When it comes to understanding China, a multiplicity of voices informs the global discourse, each trying to make sense of that enigmatic nation. Trying to make sense of their language is an equally, if not more, daunting task: the complex intonations and inflections and a hieroglyphic script almost makes one wonder how more than a billion people manage to speak it.
Having swept its way through the west, Mandarin is now set to be introduced in Indian schools. Eleven thousand schools affiliated to the Central Board of Secondary Education (CBSE) will have Mandarin as part of their syllabi. As with schools in Britain and in the United States, the Chinese government has already shown interest in providing material (textual and audio-visual) and teachers for language training.
Though initially dismissed in the west as a fad that would exhaust itself — as did the craze for learning Japanese in the 1980s and Spanish in the 1990s — a tighter job market has meant that Mandarin is seen increasingly as a tool to enhance one’s employability rather than as a cultural accomplishment. Either way it works for China. Its global power aspirations can surely benefit by using language as a tool of cultural hegemony (even as it makes it compulsory for its own citizens to master English) to gradually establish a challenge to English’s preeminent position as the global lingua franca.
However, Nicholas Ostler, a British scholar with a working knowledge of 26 languages, argues in his latest book, The Last Lingua Franca, that while governments across the world will increasingly favour the use of regional languages in their commercial and administrative transactions, none of these languages (Mandarin included) will ever replace the scale of popularity and dominance English enjoys. With technological advancements and new software enabling smoother translation, English might end up being the last lingua franca, Ostler adds.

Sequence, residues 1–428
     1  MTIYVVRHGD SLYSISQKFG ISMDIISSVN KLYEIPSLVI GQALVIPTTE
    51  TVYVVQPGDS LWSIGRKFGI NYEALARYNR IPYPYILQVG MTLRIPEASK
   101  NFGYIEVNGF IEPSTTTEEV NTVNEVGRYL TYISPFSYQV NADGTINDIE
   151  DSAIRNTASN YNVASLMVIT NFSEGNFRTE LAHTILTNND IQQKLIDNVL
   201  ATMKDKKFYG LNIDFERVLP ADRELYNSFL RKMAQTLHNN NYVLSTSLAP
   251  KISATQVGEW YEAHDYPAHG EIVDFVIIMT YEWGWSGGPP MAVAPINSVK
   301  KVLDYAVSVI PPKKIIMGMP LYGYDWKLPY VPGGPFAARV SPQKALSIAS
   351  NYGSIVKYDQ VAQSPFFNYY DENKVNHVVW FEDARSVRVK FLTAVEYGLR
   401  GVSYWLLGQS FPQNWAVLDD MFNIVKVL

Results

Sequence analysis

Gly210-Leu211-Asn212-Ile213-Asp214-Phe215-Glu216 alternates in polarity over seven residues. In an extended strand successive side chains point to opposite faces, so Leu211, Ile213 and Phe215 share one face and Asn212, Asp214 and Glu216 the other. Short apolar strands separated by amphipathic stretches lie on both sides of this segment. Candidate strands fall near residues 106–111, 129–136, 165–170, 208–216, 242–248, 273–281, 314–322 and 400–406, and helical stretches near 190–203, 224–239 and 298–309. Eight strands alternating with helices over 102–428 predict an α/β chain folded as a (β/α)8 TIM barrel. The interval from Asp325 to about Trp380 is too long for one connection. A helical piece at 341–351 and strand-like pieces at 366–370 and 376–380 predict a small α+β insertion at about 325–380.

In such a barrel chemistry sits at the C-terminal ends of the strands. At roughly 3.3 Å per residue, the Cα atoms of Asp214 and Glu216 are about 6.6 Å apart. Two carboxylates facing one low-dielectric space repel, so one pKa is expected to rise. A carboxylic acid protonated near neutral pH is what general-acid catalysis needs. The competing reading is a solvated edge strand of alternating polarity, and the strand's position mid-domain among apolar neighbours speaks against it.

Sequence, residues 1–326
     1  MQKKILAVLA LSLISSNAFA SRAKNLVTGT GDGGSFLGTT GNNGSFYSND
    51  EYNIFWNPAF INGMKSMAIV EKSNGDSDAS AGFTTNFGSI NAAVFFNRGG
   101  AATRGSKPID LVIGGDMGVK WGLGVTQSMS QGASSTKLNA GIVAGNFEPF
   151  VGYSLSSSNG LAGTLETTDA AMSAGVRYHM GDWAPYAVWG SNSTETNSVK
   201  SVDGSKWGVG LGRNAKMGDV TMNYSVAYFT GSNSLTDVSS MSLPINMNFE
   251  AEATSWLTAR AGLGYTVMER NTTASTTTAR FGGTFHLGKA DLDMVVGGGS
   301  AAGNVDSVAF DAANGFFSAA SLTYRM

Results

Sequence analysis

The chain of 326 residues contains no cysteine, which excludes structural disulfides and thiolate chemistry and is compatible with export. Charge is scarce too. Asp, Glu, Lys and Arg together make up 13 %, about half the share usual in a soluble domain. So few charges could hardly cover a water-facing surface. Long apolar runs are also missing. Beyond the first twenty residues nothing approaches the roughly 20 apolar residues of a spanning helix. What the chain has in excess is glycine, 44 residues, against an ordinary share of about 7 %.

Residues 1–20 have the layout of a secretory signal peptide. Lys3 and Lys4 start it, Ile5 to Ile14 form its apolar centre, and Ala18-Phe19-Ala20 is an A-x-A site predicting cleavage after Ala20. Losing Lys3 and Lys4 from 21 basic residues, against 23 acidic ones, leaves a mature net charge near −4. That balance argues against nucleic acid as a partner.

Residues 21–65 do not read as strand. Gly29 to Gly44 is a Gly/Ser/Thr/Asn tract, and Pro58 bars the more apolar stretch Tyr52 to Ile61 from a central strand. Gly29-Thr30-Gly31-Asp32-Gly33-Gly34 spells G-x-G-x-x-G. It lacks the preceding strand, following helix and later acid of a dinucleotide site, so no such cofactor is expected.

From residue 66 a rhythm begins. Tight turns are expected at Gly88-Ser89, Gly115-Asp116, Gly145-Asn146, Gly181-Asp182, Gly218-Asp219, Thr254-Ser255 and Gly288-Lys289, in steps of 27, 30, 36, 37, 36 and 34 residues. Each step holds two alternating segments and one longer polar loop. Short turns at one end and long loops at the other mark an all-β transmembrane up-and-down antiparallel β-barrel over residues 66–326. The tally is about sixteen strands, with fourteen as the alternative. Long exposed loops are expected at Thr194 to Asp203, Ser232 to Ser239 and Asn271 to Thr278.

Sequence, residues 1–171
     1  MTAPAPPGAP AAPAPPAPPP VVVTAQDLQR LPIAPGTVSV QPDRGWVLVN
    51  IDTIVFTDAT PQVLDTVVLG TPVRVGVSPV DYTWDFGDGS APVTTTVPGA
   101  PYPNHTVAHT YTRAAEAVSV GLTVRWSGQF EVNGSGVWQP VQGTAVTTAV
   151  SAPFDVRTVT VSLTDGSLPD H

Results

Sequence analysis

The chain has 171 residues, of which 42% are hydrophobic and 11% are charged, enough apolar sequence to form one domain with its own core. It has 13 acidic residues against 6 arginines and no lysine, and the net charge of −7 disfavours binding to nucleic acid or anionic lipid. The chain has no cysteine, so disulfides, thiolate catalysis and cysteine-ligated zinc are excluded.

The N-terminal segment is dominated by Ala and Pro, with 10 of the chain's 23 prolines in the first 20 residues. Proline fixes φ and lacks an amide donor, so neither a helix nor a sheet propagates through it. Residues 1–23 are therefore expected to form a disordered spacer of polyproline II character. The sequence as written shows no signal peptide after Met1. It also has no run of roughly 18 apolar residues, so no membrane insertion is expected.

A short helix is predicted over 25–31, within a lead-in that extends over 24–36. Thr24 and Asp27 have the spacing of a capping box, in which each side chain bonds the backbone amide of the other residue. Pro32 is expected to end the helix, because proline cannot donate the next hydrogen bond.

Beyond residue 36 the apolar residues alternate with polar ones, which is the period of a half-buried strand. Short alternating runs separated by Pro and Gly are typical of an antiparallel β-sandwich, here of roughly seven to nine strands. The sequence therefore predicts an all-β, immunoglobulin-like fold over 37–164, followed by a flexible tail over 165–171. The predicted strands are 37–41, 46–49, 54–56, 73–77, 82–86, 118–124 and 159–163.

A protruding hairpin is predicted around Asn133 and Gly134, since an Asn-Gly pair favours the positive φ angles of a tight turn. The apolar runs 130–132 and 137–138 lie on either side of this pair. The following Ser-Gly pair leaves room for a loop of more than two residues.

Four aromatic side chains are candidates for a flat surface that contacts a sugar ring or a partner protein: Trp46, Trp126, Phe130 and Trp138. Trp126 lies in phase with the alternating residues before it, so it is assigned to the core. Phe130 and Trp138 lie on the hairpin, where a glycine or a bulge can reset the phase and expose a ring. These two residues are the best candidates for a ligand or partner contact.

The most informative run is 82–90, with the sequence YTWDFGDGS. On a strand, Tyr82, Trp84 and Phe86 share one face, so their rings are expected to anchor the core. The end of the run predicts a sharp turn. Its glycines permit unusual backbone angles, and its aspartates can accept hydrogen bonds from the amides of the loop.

Language is no dead millstone around our necks. Apart from being a means of communication, it is also a passport to a way of living and thinking. Its beauty lies in its growth and metamorphosis, in the way it responds to its surroundings.
There is more to human thought and speech than involuntary word-processing. While the Chinese may believe that a greater number of Mandarin practitioners implies wider political influence, they should keep in mind that thought will flow both ways. Mark Liberman says in The Economist’s ongoing language debate that “when we encounter or create new ideas, we can usually describe them with new combinations of old words. And if not, we easily adapt or borrow or create the new words or phrases we need.”
There is probably no language in the world that has a phrase that describes the diplomatic own goal of an empty chair in a Nobel award ceremony. But who knows, someday an enterprising foreigner with a panache for Mandarin might combine the fluidities in several languages to hew together a word for it.